Fred Guidici, Menlo’s assistant head coach and recruiting ace, was my point man on the phone. With the voice of a long-lost friend, he told me about the pass-heavy offense and the local 49er pedigree. He told me about the stable of former NFLers coaching at Menlo. Ken Margerum, former Stanford and Chicago Bears receiver, was the head coach. Doug Cosbie, former Pro Bowl tight end for the Cowboys, was our offensive coordinator. Doug coached under Bill Walsh at Stanford. The Bill Walsh, the legendary head coach of the San Francisco 49ers who revolutionized offensive football. All-Pro defensive end for the Vikings Keith Millard was our defensive coordinator. Former All-Pro 49er guard Guy McIntyre was our offensive line assistant. The list went on. I visited the campus and instantly felt at home. I decided to transfer, leaving behind an ideal California college setting and a group of bewildered friends. You’re doing what? You’re going where? Men-huh?

But Menlo was an oasis. The campus was lush and quiet. The classes were small and inclusive. The professors were friendly and passionate. The surrounding neighborhoods are wealthy and extremely safe. A common police blotter blurb from the local newspaper: Suspicious looking cat seen near parked car. Or: Man tying his shoes across the street from suspicious looking cat.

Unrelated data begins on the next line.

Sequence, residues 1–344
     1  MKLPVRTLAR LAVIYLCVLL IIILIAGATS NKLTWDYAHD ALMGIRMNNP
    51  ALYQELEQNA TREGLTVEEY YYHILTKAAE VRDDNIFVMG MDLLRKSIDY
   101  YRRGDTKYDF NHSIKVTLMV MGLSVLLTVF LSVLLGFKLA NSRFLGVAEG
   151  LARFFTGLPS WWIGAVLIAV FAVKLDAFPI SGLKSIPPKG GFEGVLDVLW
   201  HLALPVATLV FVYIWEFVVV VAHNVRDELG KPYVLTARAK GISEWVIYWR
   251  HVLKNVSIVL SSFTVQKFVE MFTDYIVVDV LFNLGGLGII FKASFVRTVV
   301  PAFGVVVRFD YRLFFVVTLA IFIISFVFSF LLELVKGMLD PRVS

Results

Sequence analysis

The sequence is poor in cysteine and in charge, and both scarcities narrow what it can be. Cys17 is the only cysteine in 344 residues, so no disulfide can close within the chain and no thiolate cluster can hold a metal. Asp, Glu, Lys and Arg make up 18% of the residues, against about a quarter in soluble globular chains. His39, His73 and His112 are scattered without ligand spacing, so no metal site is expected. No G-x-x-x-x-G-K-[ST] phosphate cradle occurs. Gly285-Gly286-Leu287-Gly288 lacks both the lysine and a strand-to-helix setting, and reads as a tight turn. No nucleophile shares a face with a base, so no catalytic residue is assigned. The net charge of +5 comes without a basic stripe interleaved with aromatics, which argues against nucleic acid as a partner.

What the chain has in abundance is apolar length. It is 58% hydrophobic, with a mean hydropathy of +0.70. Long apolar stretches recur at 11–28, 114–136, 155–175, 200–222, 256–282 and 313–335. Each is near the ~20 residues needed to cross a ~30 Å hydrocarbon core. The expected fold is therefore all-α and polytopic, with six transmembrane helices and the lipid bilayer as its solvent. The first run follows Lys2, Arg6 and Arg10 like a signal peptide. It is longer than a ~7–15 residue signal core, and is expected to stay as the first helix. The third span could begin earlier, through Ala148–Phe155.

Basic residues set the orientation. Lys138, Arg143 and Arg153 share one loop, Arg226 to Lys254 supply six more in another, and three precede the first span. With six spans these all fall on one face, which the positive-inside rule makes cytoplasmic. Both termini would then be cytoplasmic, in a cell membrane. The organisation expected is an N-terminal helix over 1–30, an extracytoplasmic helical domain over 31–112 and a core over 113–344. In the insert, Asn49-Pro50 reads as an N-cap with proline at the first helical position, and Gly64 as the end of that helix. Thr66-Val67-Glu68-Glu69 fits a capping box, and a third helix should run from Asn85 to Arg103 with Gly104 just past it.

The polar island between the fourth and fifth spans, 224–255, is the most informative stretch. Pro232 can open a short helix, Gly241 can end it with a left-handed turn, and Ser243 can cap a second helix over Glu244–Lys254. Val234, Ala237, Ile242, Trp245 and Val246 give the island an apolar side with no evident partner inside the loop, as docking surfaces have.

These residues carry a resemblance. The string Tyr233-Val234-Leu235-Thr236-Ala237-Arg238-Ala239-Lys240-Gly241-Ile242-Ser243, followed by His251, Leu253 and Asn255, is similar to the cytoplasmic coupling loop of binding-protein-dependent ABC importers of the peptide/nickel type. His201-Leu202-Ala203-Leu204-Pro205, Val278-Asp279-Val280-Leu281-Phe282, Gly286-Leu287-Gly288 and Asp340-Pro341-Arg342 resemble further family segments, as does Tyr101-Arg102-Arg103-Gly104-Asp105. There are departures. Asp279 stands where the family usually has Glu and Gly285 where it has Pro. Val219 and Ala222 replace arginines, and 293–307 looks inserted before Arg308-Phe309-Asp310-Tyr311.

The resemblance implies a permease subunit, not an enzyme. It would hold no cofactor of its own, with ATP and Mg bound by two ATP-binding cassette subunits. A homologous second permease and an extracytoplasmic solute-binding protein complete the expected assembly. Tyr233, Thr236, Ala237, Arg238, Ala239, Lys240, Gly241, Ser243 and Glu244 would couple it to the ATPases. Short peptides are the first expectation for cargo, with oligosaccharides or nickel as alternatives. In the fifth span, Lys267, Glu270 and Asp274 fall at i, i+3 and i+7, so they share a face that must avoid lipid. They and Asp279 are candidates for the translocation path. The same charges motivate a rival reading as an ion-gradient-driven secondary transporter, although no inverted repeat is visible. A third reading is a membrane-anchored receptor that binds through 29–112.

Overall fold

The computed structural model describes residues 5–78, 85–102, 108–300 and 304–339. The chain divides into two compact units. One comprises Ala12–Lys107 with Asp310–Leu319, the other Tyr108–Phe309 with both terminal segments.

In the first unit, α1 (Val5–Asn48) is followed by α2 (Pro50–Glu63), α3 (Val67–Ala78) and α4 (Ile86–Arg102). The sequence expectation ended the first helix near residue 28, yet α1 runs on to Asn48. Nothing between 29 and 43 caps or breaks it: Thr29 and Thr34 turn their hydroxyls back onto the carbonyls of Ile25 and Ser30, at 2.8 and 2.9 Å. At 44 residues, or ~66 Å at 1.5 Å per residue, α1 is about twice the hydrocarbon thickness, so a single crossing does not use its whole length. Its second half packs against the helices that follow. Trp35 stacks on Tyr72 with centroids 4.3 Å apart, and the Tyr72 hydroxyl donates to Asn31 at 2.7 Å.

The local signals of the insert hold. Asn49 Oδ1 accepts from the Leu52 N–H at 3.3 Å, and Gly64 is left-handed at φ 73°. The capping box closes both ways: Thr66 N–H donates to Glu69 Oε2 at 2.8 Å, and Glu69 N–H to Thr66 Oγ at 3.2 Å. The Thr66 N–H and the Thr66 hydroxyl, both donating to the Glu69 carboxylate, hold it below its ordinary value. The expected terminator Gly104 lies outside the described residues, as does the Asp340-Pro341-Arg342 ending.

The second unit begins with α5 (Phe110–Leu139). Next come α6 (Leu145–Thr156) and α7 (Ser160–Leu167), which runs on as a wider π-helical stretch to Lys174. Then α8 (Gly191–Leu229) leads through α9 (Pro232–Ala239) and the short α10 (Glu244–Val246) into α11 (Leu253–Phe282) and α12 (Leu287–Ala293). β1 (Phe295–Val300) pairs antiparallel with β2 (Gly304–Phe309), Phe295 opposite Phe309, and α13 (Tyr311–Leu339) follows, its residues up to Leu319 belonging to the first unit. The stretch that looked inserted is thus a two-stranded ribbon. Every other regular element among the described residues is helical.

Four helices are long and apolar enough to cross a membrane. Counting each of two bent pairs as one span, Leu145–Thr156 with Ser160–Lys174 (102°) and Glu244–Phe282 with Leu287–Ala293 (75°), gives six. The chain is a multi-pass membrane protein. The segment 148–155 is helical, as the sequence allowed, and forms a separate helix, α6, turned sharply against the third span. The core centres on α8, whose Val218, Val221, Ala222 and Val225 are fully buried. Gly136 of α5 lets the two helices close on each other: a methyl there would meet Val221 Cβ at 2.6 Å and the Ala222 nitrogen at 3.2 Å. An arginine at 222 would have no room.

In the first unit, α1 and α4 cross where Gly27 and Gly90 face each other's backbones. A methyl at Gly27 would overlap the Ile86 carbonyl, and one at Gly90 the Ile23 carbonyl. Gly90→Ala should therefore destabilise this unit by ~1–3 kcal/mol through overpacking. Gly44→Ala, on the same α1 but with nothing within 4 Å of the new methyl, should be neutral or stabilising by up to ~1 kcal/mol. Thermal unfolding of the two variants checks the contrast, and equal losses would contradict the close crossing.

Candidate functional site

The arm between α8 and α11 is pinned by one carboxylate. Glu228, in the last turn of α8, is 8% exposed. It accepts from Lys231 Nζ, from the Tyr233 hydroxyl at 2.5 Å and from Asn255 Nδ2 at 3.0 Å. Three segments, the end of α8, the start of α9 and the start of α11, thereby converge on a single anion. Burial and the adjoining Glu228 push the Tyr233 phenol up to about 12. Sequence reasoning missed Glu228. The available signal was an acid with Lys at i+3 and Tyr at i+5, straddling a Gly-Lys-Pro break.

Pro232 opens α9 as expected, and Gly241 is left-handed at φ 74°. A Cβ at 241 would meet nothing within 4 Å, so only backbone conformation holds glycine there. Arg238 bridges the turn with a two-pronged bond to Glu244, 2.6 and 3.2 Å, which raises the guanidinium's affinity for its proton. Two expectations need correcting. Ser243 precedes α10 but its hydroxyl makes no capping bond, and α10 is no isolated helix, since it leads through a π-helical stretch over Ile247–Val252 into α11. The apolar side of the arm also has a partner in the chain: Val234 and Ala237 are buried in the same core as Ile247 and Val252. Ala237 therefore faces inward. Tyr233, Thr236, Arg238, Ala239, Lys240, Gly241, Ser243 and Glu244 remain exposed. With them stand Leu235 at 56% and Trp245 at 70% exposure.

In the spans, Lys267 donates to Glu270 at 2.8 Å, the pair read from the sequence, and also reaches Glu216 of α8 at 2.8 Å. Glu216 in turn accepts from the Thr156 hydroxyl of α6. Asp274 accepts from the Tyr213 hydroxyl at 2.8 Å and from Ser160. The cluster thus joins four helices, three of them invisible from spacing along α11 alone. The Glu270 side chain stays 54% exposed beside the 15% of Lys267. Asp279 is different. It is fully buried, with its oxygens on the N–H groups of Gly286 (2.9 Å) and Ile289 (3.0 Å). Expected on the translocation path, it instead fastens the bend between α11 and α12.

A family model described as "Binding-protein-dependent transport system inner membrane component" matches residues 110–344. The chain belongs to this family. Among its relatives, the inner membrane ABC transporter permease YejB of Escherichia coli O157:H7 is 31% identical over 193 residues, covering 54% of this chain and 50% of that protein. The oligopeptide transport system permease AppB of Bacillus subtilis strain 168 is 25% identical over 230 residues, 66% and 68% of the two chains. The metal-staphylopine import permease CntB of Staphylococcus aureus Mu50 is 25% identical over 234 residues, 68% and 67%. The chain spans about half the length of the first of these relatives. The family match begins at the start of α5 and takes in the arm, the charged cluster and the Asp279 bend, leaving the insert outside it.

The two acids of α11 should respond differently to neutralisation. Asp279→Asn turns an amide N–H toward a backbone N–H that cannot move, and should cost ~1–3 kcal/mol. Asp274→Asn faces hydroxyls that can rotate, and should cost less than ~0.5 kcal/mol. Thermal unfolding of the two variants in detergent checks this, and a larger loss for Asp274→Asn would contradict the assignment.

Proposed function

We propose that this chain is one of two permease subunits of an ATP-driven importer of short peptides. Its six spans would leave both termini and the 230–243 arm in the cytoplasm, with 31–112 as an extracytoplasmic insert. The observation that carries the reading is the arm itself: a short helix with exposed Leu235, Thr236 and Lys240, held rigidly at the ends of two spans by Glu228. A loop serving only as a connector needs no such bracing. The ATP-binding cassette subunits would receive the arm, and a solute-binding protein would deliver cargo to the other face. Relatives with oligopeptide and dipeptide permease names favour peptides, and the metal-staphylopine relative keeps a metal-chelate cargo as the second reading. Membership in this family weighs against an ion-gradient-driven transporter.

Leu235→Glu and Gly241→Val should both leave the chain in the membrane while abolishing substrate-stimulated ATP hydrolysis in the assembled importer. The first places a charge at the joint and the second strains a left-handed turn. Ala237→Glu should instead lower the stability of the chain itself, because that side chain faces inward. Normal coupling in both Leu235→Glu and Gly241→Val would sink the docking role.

After my first season at Menlo, Ken Margerum went on to coach receivers at Cal Berkeley and Doug Cosbie took over as head coach. Dave Muir, a backup quarterback at Washington State who was only a few years older than me, joined the coaching staff as our receiver’s coach. We became friends almost overnight, a rarity between players and coaches. A few days into two-a-days he called me up to the coaches’ offices.